Saturday, July 6, 2013
The Tyrant's Law by Daniel Abraham
I gave glowing reviews to the first two instalments of Daniel Abraham's The Dagger and the Coin series (The Dragon's Path and The King's Blood) so I was really eager to get my hands on the third book in the series The Tyrant's Law.
At 500 pages of a curiously large font The Tyrant's Law is a relatively short epic fantasy volume. Despite the brevity and my interest in the series I found this one hard going.
I should have been prepared, it's a middle book and middle books of epics for some reason seem to drag.
One thing Abraham has resisted, to his credit, is to stop the amount of PoV characters spiralling out of control. The Tyrant's Law follows the stories of former mercenary captain Marcus Wester, the now impoverished, but not powerless noble Clara Kalliam, the widow of the traitor Lord Dawson, clever young banker Cithrin be Sarcour and the sociopathic Lord Regent Geder Palliako.
As is common for epics structured this way each chapter covers events in the character's journey and then moves onto the next character. I enjoyed it in the first two books, but found it frustrating this time as the story would just start to get interesting and gain my attention, then it would end and it was time to pick up another character's story.
The title of the book refers to Palliako's virtual genocide against the insectlike race of the Timzinae. This is driven by Basrahip, a priest of the Spider Goddess, who seems to have a hold on the impressionable Lord Regent. The genocide had echoes of the Holocaust in WW II. Palliako himself remains for the most interesting of the characters. He's obsessive and weak, but has been gifted with enormous power, a dangerous combination. While Palliako is obsessed with Cithrin due to some time they spent together in The King's Blood he also seems to have an undeniable attraction towards Basrahip, and the reader gets the feeling that if Basrahip were removed from the picture Palliako would fall apart.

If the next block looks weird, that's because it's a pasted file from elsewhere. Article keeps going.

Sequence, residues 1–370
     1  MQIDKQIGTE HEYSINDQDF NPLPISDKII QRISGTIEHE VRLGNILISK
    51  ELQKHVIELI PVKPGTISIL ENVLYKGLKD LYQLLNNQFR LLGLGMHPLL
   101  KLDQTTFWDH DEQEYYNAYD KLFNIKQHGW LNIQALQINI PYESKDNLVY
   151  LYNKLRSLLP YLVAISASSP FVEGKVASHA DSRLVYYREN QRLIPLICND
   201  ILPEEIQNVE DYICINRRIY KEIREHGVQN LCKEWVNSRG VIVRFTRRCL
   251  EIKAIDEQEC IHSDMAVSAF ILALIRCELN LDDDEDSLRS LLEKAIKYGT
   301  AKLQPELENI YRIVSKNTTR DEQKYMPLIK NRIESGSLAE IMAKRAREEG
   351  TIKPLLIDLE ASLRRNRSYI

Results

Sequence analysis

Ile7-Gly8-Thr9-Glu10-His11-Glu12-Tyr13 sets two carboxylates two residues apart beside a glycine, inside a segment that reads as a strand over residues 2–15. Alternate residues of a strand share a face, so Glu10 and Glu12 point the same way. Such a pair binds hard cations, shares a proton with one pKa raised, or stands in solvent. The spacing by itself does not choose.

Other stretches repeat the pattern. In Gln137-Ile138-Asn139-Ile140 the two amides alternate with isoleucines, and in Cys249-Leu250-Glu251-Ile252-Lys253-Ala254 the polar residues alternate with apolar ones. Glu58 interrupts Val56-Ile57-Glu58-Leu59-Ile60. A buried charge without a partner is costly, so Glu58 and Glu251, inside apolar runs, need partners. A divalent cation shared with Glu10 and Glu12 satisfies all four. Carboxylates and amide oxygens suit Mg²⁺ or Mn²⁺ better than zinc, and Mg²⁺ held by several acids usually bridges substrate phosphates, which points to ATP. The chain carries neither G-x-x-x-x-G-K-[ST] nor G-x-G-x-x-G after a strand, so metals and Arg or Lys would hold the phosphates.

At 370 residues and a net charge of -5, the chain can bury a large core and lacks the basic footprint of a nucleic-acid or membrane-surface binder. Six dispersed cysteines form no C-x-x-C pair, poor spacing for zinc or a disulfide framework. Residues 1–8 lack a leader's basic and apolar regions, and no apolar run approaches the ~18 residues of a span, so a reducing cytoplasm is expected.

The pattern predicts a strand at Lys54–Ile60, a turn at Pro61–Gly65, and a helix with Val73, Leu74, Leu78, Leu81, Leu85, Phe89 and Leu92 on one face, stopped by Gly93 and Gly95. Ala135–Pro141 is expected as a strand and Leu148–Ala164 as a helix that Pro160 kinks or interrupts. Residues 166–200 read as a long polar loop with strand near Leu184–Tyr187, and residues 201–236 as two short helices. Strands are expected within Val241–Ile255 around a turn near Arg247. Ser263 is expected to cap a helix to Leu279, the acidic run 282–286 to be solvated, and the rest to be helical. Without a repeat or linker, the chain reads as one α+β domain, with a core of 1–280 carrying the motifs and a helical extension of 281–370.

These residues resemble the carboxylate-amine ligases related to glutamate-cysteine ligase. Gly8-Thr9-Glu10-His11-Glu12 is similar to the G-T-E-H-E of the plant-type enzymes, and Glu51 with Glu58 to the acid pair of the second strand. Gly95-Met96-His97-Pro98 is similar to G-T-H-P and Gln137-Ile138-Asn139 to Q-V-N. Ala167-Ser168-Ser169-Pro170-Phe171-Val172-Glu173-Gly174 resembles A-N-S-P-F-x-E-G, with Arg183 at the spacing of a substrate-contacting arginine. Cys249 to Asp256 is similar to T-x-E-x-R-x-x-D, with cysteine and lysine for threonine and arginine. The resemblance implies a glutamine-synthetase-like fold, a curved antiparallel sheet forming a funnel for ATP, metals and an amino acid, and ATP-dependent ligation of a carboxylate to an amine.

I found Marcus story the least interesting. It contained a lot of that pointless wandering about that I'm so fond of. The point of that seemed to be so the author could show the reader that he'd created a big world for this. It almost seemed to scream: 'Look at me! Different races and creatures. See this isn't just a real world analogue!' The aim of this seemed to be initially to obtain a magical sword and then to find something that could break the power of the Spider Goddess. At times it had a rather sword and sorcery feel to it, and more than once I found myself calling Marcus, Conan in my head.
Cithrin moved her base of operations from Port Oliva to Suddapal, and used the resources of the bank to put obstacles in Palliako's way and hinder his genocide. She felt an affinity with the Timzinae because her mentor in Suddapal was one and she's part Cinnae, who are related to the Timzinae. Curiously enough despite the proliferation of non human races in the series, Cithrin is the only major character who appears to be anything other than Firstblood.
Clara schemes. Trying to pit the nobles against each other and plant the seeds of doubt in Palliako's mind, she also develops support for her cause amongst the lower classes with small acts of understanding, kindness and charity.
The story slowed considerably from the first two books and I'm not sure why. There didn't seem to be any real need for that. Most of this book was purely unneccesary. I know that middle books exist to get things in place for the finale, but I felt this could have been avoided by making the book on either side larger. It wasn't as bad as Crossroads of Twilight (nothing could be), but it was a near run thing. I do however still really enjoy the series and have confidence that Abraham can get it back on track with Book 4 The Widow's House.